For many people, hiking the Appalachian Trail (AT) is the ultimate hiker’s challenge: 2,190 miles through 14 states, from Georgia’s Springer Mountain to Maine’s Mount Katahdin, traversing rugged wilderness terrain.

Day hikers, section hikers, through hikers and even round-trip hikers (called “yo-yos”) enjoy the trail’s beauty, solitude and physical demands. But few probably know anything about the two men whose vision and hard work made the AT a reality.

“Blazing Ahead” is Portland author Jeff Ryan’s excellent dual biography and early history of the AT, as he tells the fascinating story of the dreamer and the doer who made it happen. The two men were Benton MacKaye (the dreamer, “a man of systems and ideas”) and Myron Avery (the doer, “a man of plans and action”) and how they and other visionaries saw in 1921 a “footpath extending the full length of the Appalachian skyline.”

As Ryan relates, MacKaye (1879-1975) and Avery (1899-1952) were opposite personalities — one man calm, thoughtful, insightful and forward-thinking, the other bold, brash, stubborn, persistent and impatient. Their relationship was contentious but fruitful as they organized the funding and construction of such an ambitious project — especially difficult during the years of the Great Depression.

Ryan tells how they handled problems of money, conflicts with politicians, urbanization and the automobile, landowner disputes, marketing, objections and obstacles, while Avery feuded with everyone who didn’t agree with him.

This is also a history of organizations like the Appalachian Mountain Club (“the oldest and best-known outdoor organization in the country” at that time); the Wilderness Club, founded in 1934; as well as the early development of the U.S. Forest Service and the National Park Service. The story ends in 1938, but the AT today is a national treasure and a monument to MacKaye, Avery and outdoor adventure.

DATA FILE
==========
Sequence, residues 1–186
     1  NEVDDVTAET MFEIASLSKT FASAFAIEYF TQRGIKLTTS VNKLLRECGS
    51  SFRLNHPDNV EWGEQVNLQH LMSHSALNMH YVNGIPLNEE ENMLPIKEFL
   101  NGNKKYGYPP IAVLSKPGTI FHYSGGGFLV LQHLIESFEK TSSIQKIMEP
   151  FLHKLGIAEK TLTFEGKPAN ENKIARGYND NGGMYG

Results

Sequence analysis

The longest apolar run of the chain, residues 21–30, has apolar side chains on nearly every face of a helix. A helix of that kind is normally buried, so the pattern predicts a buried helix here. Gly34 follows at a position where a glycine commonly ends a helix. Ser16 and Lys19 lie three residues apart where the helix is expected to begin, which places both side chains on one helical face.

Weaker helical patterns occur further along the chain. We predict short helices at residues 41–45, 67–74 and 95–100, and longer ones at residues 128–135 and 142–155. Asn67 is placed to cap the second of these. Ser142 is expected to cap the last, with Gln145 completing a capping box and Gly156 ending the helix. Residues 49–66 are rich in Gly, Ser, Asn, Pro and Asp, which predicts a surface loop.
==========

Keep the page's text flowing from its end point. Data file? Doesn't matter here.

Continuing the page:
Elder Darrow is a disappointment to his wealthy, estranged father. The 45-year-old, single, Harvard dropout who burned through his trust fund is now hoping to turn a South Boston drinker’s bar into a trendy jazz nightclub. And he’s a practicing alcoholic; a pro juicer. Gee, what could go wrong with this pedigree? Plenty.

“In Solo Time” is Cape Elizabeth author Richard Cass’ ambitious and loosely wrapped second mystery featuring Elder Darrow. This is the prequel to the first book, “Solo Act.”

Darrow has borrowed big to buy Esposito, a dive bar, with big dreams of turning the dump into a classy joint. This place is still a dump, he’s still in the red, but his shaky plans are nearly derailed when he finds the band’s blind jazz-guitar player stabbed to death on the bar’s stage. And the cops think Darrow did it.

The victim was a hot-tempered loudmouth, and a lousy guitar player. Everybody is glad he’s dead except for Darrow, who now has to find a replacement guitar player. He also discovers that drinking and bar-owning can be a bad combination.

Add a smarmy candidate for governor, his two very creepy sons, an Irish “fixer,” a savvy promoter and musician, a short-order cook on the run, a young, beautiful African-American jazz singer with a plan, and countless bottles of single-malt scotch, and Darrow finds himself with a hangover, mugged, threatened and thoroughly puzzled in a story that’s less a suspenseful mystery, and more an alcoholic nightclub soap opera.

Bill Bushnell lives and writes in Harpswell.

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